What Can a Hematology Analyzer Measure?

Red cell count, red cell indices which means cell volume, mean cell hemoglobin, mean cell hemoglobin concentration, hemoglobin, hematocrit, total leukocyte count, differential leukocyte count (three-part or five-part), and platelet count are all measured by most automated hematology analyzers.

Measurement of Hemoglobin

A modified cyanmethemoglobin technique is used to assay hemoglobin directly (all hemoglobins are converted to cyanmethemoglobin by potassium ferricyanide; cyanmethemoglobin has a broad absorbance peak at 540 nm). Some analyzers employ sodium lauryl sulfate which is a nonhazardous reagent. For quick red cell lysis and to reduce turbidity produced by cell membranes and plasma lipids, a nonionic detergent is used.

 Measurement of Red Blood Cell Count and Mean Cell Volume (MCV)

Aperture impedance or light scatter analysis are used to directly quantify red cell count and volume. Cell counts are represented on the Y-axis in a red cell histogram, while cell volume is indicated on the X-axis (see Figure 808.1). The analyzer counts the cells as red cells, with a volume ranging from 36 to 360 fl. MCV is used to categorize anemia into three types: microcytic, macrocytic, and normocytic.

Measurement of Red Cell Distribution Width (RDW)

RDW is a quantitative measure of red cell size variation represented as the red cell size distribution’s coefficient of variation. It’s the same thing as anisocytosis on a blood smear. In certain analyzers, it is obtained from the red cell histogram. In iron deficiency anemia, RDW is frequently increased, but not in -thalassemia minor or chronic illness anemia (other causes of microcytic anemia).

This separation, though, isn’t absolute, and there’s a lot of overlap amongst patients’ values. Raised RDW necessitates a blood smear test.

Measurement of WBC Differential

Hematology analyzers can provide a 3-part differential (differential count reported as lymphocytes, monocytes, and granulocytes) or a 5-part differential (differential count reported as lymphocytes, monocytes, and granulocytes) (lymphocytes, monocytes, neutrophils, eosinophils, and basophils). Electrical impedance volume measurement of leukocytes is used in the three-part differential counting method. On the Y-axis of a volume histogram for WBCs, the approximate number of cells is displayed, while the cell size is plotted on the X-axis. Hematology stains are used to stain the blood marks.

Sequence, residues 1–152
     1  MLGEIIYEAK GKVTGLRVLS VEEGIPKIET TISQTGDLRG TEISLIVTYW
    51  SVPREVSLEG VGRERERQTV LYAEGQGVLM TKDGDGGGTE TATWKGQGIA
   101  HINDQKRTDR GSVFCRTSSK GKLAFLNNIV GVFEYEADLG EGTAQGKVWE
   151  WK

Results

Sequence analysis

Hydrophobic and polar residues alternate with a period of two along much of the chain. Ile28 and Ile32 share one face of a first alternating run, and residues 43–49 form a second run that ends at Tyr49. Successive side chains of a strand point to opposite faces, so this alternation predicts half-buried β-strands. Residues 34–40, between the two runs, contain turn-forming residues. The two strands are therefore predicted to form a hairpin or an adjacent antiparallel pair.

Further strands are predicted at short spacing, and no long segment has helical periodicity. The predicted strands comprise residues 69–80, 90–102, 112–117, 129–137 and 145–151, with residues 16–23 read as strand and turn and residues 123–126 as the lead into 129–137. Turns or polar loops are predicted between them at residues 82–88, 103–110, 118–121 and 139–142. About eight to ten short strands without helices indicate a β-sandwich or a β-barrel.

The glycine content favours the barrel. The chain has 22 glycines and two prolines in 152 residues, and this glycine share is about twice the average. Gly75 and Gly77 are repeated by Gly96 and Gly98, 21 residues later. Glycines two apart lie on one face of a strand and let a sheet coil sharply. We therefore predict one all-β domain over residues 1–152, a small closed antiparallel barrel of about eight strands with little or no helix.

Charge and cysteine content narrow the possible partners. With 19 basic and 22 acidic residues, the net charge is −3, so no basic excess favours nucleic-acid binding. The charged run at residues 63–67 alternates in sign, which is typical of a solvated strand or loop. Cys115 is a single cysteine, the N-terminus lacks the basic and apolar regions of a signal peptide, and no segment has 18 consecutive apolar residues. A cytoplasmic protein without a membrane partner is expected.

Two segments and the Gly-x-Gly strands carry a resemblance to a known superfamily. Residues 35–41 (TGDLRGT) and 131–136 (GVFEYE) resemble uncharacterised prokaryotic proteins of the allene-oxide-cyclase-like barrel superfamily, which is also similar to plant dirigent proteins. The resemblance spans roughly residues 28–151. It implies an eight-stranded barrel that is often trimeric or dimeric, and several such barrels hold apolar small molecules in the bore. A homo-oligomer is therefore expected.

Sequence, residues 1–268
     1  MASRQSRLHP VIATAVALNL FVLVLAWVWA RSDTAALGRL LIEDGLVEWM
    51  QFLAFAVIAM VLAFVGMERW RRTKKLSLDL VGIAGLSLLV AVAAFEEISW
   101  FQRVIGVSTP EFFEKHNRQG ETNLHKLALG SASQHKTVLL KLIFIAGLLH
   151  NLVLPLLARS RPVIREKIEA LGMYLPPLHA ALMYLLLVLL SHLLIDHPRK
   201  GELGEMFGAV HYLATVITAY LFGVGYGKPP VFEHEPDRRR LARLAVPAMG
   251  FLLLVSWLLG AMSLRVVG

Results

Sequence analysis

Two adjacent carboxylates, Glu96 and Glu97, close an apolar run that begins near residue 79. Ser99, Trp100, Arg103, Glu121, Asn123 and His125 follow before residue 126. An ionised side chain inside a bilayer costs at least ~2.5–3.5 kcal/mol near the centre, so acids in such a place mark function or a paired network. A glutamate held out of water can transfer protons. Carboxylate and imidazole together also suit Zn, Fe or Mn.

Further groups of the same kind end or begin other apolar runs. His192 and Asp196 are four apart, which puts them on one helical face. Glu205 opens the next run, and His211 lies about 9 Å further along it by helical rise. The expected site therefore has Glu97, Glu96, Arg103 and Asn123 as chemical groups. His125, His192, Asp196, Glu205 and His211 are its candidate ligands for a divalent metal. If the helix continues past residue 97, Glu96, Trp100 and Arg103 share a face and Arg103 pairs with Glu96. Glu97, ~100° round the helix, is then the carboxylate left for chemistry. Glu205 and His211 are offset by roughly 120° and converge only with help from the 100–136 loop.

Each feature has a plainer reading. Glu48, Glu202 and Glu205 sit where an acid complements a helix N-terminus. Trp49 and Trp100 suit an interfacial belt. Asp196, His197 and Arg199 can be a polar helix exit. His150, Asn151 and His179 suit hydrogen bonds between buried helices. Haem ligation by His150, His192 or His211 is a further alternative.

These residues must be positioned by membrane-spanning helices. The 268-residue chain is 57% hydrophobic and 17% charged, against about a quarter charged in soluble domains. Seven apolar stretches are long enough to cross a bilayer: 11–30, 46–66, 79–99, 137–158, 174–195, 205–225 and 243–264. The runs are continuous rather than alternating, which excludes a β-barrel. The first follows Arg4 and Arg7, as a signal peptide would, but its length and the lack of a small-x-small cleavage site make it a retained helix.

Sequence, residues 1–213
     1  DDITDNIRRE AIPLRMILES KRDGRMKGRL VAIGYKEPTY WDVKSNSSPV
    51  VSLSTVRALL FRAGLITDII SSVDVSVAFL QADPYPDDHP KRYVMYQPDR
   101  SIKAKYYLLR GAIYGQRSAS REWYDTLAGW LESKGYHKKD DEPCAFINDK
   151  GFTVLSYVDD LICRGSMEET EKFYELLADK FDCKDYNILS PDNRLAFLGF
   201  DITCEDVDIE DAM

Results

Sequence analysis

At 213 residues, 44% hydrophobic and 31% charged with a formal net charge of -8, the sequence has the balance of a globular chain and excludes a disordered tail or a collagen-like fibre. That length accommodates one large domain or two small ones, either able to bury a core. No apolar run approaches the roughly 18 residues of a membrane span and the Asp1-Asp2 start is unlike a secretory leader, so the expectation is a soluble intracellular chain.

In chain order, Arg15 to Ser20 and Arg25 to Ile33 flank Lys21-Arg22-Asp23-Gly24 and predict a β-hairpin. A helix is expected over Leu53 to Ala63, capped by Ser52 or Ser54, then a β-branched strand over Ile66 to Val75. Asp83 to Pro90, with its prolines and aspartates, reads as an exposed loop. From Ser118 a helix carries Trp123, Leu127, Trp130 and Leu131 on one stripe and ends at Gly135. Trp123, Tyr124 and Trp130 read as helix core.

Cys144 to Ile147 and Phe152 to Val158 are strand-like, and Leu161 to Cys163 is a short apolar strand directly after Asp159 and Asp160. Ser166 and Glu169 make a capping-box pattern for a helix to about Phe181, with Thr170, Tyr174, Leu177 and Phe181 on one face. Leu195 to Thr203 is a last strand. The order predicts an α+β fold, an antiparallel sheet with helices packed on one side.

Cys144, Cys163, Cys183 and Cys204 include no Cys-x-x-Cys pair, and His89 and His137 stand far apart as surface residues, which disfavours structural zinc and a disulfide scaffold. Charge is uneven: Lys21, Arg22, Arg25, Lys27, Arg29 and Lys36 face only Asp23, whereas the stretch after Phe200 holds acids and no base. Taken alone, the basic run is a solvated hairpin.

Lymphocytes are defined as cells with a volume of 35-90 fl, mononuclear cells are defined as cells with a volume of 90-160 fl, and neutrophils are defined as cells with a volume of 160-450 fl (see Figure 808.2). The analyzer flags any variation from the predicted histogram, requiring a blood smear inspection. To avoid missing aberrant cells, a substantial percentage of 3-part differential counts are ‘tagged.’

Measurement of Platelet Count

Because of their tiny size, wide range of sizes, proclivity for aggregation, and size overlap with microcytic red cells, cellular fragments, and other detritus, platelets are difficult to count. This problem is solved in hematology analyzers by mathematically analyzing platelet volume distribution and converting it to a lognormal distribution.

Platelets are counted in the RBC aperture using the electrical impedance technique, and a histogram is created with platelet volume on the X-axis and relative cell frequency on the Y-axis. A normal platelet histogram has a single right-skewed peak. The analyzer classifies particles larger than 2 fl and less than 20 fl as platelets.

The mean platelet volume (MPV) and platelet distribution width are two further platelet metrics that may be calculated utilizing computer technology from the platelet histogram (PDW). Reticulated platelets are a parameter that some analyzers can generate.

MPV is a mathematical measure that determines the average size of platelets. The average MPV is 7-10 fl. The presence of immature platelets in circulation causes an increase in MPV (> 10 fl); platelet destruction induces megakaryocytes to manufacture such platelets (e.g. in idiopathic thrombocytopenic purpura). The presence of tiny platelets in circulation causes a decrease in MPV ( 7 fl) (in conditions associated with reduced production of platelets in bone marrow).

Measurement of Reticulocyte Count

Various fluorescent dyes can bind to reticulocyte RNA, and the fluorescence can then be measured using a flow cytometer. Because young reticulocytes have more RNA, they glow more brightly.

The hemoglobin content of reticulocytes is a measure that evaluates the newly generated red cells. It’s a marker for iron insufficiency.

Measurement of WBC Cytogram

Each dot in the scattergram represents a cell of a specific volume and density, with the placements of dots in the graph defined by side scatter, forward scatter, light absorption by the cell, and cytochemical labeling (if used). The Y-axis represents the forward angle light scatter (FALS), while the X-axis represents the side scatter (SS).

Low FALS and SS indicate lymphocytes; rising FALS and SS indicate monocytes, neutrophils, and finally eosinophils in the graph. Basophils are counted using a separate technology.


Hematology analyzers can quickly perform a full blood count on whole blood samples (CBC). The red blood cells (RBCs), and white blood cells (WBCs) count, platelets, hemoglobin concentration, hematocrit, RBC indices, and a leukocyte differential are among the results.